What critics try to paint is a picture in which they say the risk of a portfolio is equal to the sum of the risk of its individual parts and if you know anything about investing, while I won't say anything, you know very much deeply about investing you know that that's just not true. I do this for a living so I understand this. The classic, I won't say the classic, but the ideal portfolio that we try to get people to put into when you include all your assets is what we call a 7-Twelve strategy that uses seven asset classes and twelve sub-classes and among those classes are at least five things that our legislation considers alternative investments. So my clients, if they listen to me, will have about 40% of their assets in alternative investments. And believe it or not, that lowers the overall volatility of the portfolio over just having, for instance, a straight stock portfolio even though eight of the twelve sub-assets I'm getting them to invest in would be considered more volatile on their own than large cap stocks. But the reason for that is very simple. There are two reasons. When you're investing you need to do at least two basics. You need to invest for diversification, which everybody understands, the more asset class you're using the better. And number two, for non-correlation and that's something people don't understand. Correlation means everything's going up and down at the same time. The temperature is correlated to how much clothes you wear, directly correlated. Correlation is something that used to be easy to do in the investment world. It's gotten harder and harder over the last 20 years. I'll give you an example every one of you will understand. 21 years ago when I got in the investment business foreign stocks were considered non-correlated to US stocks. They didn't go up and down at the same time. Now, if you're interested in your stock portfolio, if you're one of these people that follows it compulsively what do you do? You watch the Nikkei Index in Japan tonight to figure out what the Dow is going to do tomorrow. That's not an example of non-correlation. They're running together now. That has gotten harder and harder and harder to do. I can't predict the future but I can say one thing, I don't know what the risk of certain investments is going to be going forward but I do know this, the risk of being very, very heavily invested in bonds is a very strong risk right now because I can tell you this, interest rates have been going down for the last 30 years, we've had a 30 year bull market in bonds that's unprecedented in our nation's history but about a month ago interest rates started going up. And I can tell you one thing for sure, as interest rates go up bond values go down. Since we were passed this bill over from the Senate and have been debating this bill our state retirement plan has lost 1.5 billion dollars in their bond portfolio, what we would consider the least risky, safest part of the portfolio. Now critics of that statement will tell you, "yeah, but if you hold a bond to maturity you really don't lose anything." Well that's true and not true. It is true if you hold a ten year bond for ten years and that you paid $10,000 for it you'll get $10,000 back. But if you pay attention to some of these handouts I gave you, for every quarter of a point that we don't meet that 7.25% bogey it requires us to pony up an additional 280 million dollars. Now, I looked at my cell phone today and the ten year treasury bond, right now, is yielding 2.5%. So if we're buying 2.5% treasury bonds we are under-performing our bogey if we hold it to maturity by 4.75% every year. That means 5.3 billion dollars in extra appropriations by you and I if we're willing to do that. If we're willing to just buy bonds and under-perform by 4.75% it's going to take an additional 5.3 billion dollars of appropriations every year. So if you think that's safe I think you need to think again. Second thing that critics of this bill will say is that the fees are too high. These fees of these alternative investments are just too high. Well again, there's information on one of the sheets I gave you. The fees on our retirement plan for the whole portfolio are 40 basis points, 0.40%. It's peers average is 0.55% so our pension plan is running on lower fees than the average pension plan of its size. Now it is true that sometimes you do have to pay more for actively managed portfolios where it takes a higher knowledge base to do. It doesn't take a huge knowledge base to go out and buy treasury bonds but some of these things do require more but our state treasurer has even had this plan audited by an outside firm to see if they were paying too much fees and the outside office said, "no, you're in line." A third criticism I've heard is that, "well the alternatives just haven't done that well. They're just not doing all that well." Well again, I don't know where they're getting that from. I look at, one of the alternative categories is credit and that's made an 11% average for the last three years which is pretty good. I've had hedge funds point and say, "look the hedge funds are only making, they've only made 6% average the last three years."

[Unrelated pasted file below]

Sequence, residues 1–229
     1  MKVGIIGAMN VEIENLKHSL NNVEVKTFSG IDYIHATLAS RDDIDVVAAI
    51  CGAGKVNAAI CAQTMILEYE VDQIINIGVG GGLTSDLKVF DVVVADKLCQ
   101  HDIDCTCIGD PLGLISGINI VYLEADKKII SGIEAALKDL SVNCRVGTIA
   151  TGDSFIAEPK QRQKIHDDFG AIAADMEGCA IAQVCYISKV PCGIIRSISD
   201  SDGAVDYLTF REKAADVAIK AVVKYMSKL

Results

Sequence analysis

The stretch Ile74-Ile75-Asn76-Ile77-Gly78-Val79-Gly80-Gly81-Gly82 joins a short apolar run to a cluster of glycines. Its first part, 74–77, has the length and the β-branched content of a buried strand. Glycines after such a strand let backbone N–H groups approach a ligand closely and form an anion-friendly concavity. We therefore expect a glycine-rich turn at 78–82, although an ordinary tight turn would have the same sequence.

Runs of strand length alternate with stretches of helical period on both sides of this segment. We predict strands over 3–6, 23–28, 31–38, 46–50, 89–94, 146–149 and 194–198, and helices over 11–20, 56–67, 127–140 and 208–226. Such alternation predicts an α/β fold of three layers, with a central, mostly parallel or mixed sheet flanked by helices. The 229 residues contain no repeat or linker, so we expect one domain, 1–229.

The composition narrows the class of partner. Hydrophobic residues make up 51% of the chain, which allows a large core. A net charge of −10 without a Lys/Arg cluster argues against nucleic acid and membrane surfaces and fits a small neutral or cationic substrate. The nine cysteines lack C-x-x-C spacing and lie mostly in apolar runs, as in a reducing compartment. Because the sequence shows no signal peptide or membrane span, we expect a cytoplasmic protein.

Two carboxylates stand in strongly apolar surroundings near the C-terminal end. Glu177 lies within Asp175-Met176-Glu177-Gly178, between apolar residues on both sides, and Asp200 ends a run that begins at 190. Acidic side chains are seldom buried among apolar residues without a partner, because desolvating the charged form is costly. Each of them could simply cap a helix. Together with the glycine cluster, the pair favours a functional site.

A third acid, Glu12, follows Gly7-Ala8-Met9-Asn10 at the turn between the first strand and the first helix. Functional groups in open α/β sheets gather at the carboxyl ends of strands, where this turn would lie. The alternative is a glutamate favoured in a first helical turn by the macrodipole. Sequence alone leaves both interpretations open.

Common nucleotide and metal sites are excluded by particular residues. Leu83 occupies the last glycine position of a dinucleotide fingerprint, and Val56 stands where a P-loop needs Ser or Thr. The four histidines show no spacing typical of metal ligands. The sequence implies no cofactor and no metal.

Well do you know what the word hedge means, if you hedge your bets that means you are betting against the rest of your portfolio. How about this? How's stocks and bonds doing over the last three years, quite well. I would have expected any hedged investments to have done very poorly over the last three years because that is one of those things we are using in case the main bets don't do well. So making 6 percent on somthing on hedging on something where your prices are going up The forth criticism I have heard is that well the treasury The treasurer already has 34 percent of viability and is only using 20 so why is this bill even necessary. And I think that's a legitimate question until you understand how the current limit is stated. The treasurer right now can only bring that alternative up to 34 percent and I am going to call her she because our current treasurer is a she. if she invests to the max of every sub category we frankly don't have one big over all limit on investments right now we have 5 limits and you would have to be maxed out on all 5 of those to get the 34 percent well just because she believe real estate is a good investment right now doesn't mean. doesn't necessarily mean she believes inflation protected assets are good. She is not going to max out in a all 5 of them if you take the 5 sub categories I just gave youa nd add them together you will realize that it adds up to more than 35 percent it adds upt o something like 45 percent but we won't get into that. [SPEAKER CHANGES] Mr. SPeaker[SPEAKER CHANGES] it is not going to max out in all of them, I'll be glad to answer his questions.[SPEAKER CHANGES] Representative Floyd please state your purpose[SPEAKER CHANGES] Inquiry to chair [SPEAKER CHANGES] The gentleman may speak his inquiry [SPEAKER CHANGES] Time allegation please [SPEAKER CHANGES] By rule there is 15 minutes for the first debate and 10 minutes for the seconds representative collins has 11 minutes left no 4 thank you[SPEAKER CHANGES] Representative Floyd I am like you and I want to get out of here as quickly as possible. [SPEAKER CHANGES] I have heard all four of these criticisms levels and in fact you have probably gotten three of these in an email. I will be surprised if yo haven't so I feel like they deserve an answer. Anyway I hope you'll support this bill. We're trying to give our treasurer the flexibility she needs in order to do her job and if you understand investing we are not adding to the risk involved in this portfolio. What we are doing is giving her some flexibility with this bill so for instance if she's got an asset that is performing well she doesn't have to sell off some of it just because it's performing well and goes outside that 5 percent I ask that you support this measure [SPEAKER CHANGES] Representative Jones please state your purpose. [SPEAKER CHANGES] Sent forth an amendment the general article sent forth an amendment the gentleman will read. Representative jones moves to rewrite the bill on page 6 line 8 by rewriting the line to read[] the gentleman is recognized to read the amendment I know that everyone in here has probably been lobbied pretty hard by this bill on both sides. In the finance committee it passed by one vote There were a couple of different concerns that were raised. we felt that This amendment might address to put in the study. What this amendment would do would direct this to a study of two particular issues that were debated in the finance committee that led to concern one was the issue that sole fiduciary structure of the straight of the state treasurer part of the discussion was that North Carolina was one of only four states in the country That has this particular structure that it might be helpful to just study and see the other alternatives for administering the pension fund. The second is the adequacy of the assumed rate of the return of 7 1/4% percent directing the treasurer towards 7 1/4% may incur too much risk and so we thought the way to deal with this would be to at least create a study presented through to both side and both sides support this and it seems very amenable and I Think it is a good amendment and I recommend that both side support .